I’ve really grown quite fond of this tradition that Stephen Green started. Where once a day, throughout the month of February, Stephen has taken the opportunity to highlight one black Portland business for Black History Month. And this year, it got even better. Because Built Oregon joined in. And because we got an extra day.Read More
Despite the prevailing startup mythology, the actual truth is that being a founder can be draining, depressing, debilitating, and lonely. Not exactly the “be your own boss” halcyon existence perpetuated in the media. To exacerbate things, many early stage founders choose to go it alone. Rather than seeking out the help they need. But when they do realize they need help? One of the folks many people seek out is Jerry Colonna. And as luck would have it, he’ll be in Portland on May 13, 2019.
While admittedly there are any number of resources that share the stories of entrepreneurs, the voice of those stories is decidedly homogenous. So when I get the chance to share a story that’s not part of the homogeneity — or when I get the chance to use the word “homogeneity” in a post — I’m going to do it. Like the story of Sylvia Salazar, the Latina founder of TonoLatino.
Startups are grueling. Even as an employee. For founders? They’re exponentially more of a grind. With the pressure. And the people relying on you. And the investors. As such, founders go through any number of ups and downs. Which often result in burnout. And depression. And those feelings can lead to substance abuse. Or ignoring the problem. Yeah. It’s tough. Really tough.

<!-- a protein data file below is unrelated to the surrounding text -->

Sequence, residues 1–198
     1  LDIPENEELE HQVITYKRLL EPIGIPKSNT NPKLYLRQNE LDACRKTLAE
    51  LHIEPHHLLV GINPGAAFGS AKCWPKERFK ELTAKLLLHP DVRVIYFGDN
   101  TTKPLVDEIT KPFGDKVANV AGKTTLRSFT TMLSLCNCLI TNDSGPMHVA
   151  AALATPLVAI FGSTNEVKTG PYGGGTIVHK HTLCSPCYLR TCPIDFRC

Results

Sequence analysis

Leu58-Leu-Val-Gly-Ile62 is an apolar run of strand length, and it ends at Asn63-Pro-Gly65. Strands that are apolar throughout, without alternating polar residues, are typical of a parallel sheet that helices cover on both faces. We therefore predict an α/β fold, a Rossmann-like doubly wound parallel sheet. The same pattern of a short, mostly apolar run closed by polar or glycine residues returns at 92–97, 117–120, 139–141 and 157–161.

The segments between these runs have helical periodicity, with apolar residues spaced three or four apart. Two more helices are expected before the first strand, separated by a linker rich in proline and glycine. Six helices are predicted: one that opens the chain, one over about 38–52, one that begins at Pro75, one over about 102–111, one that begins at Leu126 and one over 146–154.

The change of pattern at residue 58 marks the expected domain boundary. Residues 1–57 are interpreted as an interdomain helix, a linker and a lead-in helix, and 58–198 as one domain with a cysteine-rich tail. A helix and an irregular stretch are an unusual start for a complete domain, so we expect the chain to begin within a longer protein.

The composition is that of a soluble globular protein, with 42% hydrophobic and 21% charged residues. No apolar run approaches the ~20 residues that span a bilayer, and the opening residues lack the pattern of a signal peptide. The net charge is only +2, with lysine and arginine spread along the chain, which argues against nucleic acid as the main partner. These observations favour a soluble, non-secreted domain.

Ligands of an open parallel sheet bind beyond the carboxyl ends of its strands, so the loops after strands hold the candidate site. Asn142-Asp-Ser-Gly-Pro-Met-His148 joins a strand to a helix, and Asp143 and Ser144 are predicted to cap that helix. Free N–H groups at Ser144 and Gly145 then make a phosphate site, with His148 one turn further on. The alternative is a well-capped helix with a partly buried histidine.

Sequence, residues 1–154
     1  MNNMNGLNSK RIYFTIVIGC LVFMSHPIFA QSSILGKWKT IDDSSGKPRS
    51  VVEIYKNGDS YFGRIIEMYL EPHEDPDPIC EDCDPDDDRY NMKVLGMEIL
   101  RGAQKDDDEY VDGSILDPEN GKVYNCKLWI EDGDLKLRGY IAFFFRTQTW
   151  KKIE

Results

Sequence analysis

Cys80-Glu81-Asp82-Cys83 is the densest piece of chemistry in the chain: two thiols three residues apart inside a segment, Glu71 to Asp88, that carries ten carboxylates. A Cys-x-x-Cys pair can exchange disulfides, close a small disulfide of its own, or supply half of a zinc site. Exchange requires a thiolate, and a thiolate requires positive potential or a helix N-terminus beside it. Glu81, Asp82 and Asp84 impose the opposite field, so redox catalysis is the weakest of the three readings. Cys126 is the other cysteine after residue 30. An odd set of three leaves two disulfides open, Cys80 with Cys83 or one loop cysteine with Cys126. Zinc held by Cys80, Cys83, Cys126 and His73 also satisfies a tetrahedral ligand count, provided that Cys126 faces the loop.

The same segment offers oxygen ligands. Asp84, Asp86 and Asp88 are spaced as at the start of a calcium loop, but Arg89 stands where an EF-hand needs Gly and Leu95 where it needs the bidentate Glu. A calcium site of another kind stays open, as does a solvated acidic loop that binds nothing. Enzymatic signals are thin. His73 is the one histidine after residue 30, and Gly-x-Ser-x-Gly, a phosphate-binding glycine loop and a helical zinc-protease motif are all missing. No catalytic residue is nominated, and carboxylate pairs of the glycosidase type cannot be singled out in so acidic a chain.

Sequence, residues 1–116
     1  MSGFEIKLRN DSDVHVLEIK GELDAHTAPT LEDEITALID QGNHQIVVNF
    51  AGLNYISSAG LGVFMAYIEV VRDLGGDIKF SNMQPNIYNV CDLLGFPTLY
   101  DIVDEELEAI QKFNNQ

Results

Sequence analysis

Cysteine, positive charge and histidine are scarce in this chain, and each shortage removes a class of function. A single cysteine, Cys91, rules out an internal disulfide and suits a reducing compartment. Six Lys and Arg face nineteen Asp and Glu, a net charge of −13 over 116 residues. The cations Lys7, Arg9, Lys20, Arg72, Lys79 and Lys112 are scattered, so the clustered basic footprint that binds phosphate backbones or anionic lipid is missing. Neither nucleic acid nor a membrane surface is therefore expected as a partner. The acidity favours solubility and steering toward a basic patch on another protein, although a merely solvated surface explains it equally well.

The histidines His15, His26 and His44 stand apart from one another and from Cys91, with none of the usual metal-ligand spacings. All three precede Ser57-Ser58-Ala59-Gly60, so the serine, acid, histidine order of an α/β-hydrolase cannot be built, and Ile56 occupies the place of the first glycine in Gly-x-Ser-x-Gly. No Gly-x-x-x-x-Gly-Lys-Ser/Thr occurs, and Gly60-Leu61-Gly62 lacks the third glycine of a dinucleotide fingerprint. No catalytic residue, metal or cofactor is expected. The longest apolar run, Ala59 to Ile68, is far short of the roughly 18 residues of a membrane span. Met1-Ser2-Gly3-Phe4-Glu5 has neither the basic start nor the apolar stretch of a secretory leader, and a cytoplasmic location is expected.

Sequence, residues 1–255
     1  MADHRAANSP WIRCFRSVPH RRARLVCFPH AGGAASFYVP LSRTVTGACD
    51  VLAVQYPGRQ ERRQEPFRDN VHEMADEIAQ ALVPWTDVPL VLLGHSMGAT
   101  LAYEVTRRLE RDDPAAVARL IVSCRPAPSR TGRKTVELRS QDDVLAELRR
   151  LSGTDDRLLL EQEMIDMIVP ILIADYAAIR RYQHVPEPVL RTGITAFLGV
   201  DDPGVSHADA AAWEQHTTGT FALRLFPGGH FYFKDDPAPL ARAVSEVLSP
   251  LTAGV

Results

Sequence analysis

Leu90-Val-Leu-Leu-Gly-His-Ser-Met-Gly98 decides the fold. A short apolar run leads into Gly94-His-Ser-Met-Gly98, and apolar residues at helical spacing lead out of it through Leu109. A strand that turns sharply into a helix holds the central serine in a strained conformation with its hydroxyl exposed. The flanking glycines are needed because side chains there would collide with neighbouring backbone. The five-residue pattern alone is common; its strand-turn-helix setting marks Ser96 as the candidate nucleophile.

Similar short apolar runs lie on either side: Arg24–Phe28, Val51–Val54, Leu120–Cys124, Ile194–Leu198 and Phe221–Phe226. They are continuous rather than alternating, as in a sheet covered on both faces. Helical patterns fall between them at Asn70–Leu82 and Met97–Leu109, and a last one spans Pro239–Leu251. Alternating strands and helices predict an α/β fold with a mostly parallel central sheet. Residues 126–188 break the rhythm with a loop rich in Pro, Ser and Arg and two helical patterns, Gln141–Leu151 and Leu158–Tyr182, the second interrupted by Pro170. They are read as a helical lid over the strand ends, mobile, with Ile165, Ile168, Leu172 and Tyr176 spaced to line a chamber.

You can’t swing a dead term sheet without hitting thousands of posts on “how to be a better founder.” Most of which contain largely unusable advice or set unattainable expectations for anyone to adopt. Founder or otherwise.
Throughout the multiple decades I’m spent in the startup world, the idea of starting your own company has moved from obscurity to a cornerstone of popular culture — and modern day entertainment. But there is one thing — for those in the thick of it — that hasn’t changed: starting a company is incredibly difficult. And emotionally draining. But that’s not something that’s often part of the pop culture conversation.
I know I can be a bit of a broken record, what with my rosy outlook on the Portland startup community and all. So I always like to reference others who recognize the awesome people we have in our midst. Like when the folks behind the Zebra movement are recognized among the 30 women engaged in world changing efforts.
Portland Web Innovators was founded because we don’t just like the technology or the design. Yes, those are a big part of our craft. We also want to work on fulfilling projects, for companies that do good stuff. For many of us, we want to start our own companies. In fact, many Web Innovators already have.